I decided yesterday to get back into running and ran as I felt comfortable for as long as possible until I couldn't anymore. The thing that caused me to stop was my fitness being so poor as opposed to my muscles giving in.

I ran 2 miles which aren't great but it's been a long time so I had no idea what to expect. I ran my first mile in 6:11 and ended up doing 2.08 miles in 15:47.

Today I am quite sore, my thighs ache and walking is a bit uncomfortable because of it. But I really want to start running as much as possible and get my times down, run for longer and improve my fitness.

I weigh 143lbs (65kg) and I am 5'10 (178cm) tall but I want to lose 11lbs (5kg) because I have a bit of excess weight around my stomach - not much - but I don't have much definition there as I used to.

I was hoping to run every day after work for the foreseeable future but my soreness is something I suppose I didn't anticipate.

Is it wise to run whilst sore? I guess my body is getting used to running again but what should I do in the interim whilst they are repairing? I am really keen to improve my fitness and lose weight.

  • 3
    There is no real definitive measure of exercise with DOMS, it's very individual. However, I'm curious as to why you want to be 132 lbs at 5'10"?
    – JohnP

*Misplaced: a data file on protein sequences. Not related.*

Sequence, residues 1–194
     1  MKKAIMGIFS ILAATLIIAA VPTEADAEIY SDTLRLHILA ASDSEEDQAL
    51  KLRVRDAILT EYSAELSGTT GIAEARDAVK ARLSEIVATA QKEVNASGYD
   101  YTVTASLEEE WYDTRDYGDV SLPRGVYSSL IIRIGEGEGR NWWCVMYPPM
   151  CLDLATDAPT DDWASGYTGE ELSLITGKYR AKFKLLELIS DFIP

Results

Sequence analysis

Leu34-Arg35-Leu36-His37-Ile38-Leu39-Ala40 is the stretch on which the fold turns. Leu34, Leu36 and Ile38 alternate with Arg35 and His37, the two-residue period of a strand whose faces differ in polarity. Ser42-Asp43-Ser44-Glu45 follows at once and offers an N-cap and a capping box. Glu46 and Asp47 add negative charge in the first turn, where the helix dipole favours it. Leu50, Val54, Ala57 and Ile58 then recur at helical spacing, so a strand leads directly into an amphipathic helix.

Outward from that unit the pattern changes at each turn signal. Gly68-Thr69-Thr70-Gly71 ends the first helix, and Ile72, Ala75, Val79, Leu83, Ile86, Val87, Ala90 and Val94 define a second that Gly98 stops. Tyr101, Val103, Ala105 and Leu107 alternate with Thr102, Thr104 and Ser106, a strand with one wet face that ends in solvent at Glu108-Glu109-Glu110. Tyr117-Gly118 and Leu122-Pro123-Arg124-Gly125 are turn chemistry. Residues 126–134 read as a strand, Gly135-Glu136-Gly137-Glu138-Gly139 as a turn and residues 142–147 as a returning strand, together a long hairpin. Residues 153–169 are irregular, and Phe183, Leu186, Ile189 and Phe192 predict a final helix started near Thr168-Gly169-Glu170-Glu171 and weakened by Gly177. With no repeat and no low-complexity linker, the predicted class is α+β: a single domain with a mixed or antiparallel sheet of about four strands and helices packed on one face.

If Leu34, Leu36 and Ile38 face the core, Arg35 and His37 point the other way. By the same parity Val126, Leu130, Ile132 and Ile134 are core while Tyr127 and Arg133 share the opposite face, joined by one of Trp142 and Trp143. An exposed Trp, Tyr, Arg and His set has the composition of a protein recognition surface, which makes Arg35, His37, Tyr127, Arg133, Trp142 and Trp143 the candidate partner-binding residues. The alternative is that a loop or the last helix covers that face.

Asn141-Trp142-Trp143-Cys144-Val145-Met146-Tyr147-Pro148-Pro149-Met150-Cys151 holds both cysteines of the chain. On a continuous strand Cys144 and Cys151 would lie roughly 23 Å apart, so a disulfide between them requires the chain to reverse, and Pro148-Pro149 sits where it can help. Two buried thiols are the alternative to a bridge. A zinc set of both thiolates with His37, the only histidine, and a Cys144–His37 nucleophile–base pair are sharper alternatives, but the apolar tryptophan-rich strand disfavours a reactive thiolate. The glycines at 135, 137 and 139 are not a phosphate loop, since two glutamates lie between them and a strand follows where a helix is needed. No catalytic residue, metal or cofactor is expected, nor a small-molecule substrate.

Oct 9, 2019 at 14:46

1 Answer 1


What was your pace when you used to run regularly? How far?

It seems pretty obvious that you went way to hard for your first outing. The difference is pace is great between your first and second mile. The key would be to slow down, run slower with more breaks.

If it was me, I would follow the couch to 5k program. It is free on most mobile platforms and you run three times per week.

Your interest in fat loss, at a pretty low weight for your height may require some special research in how to burn fat. Part of it will be exercise, but also diet. What are you putting in your body that is unhealthy? The last thing you want to do is burn the little muscle you have (based on weight) that often occurs while running at very high intensities.

You are better off staying below the lactate threshold (probably about around a 9 min/mile pace for you) and doing so for long distances. (Around 5 miles or more.)

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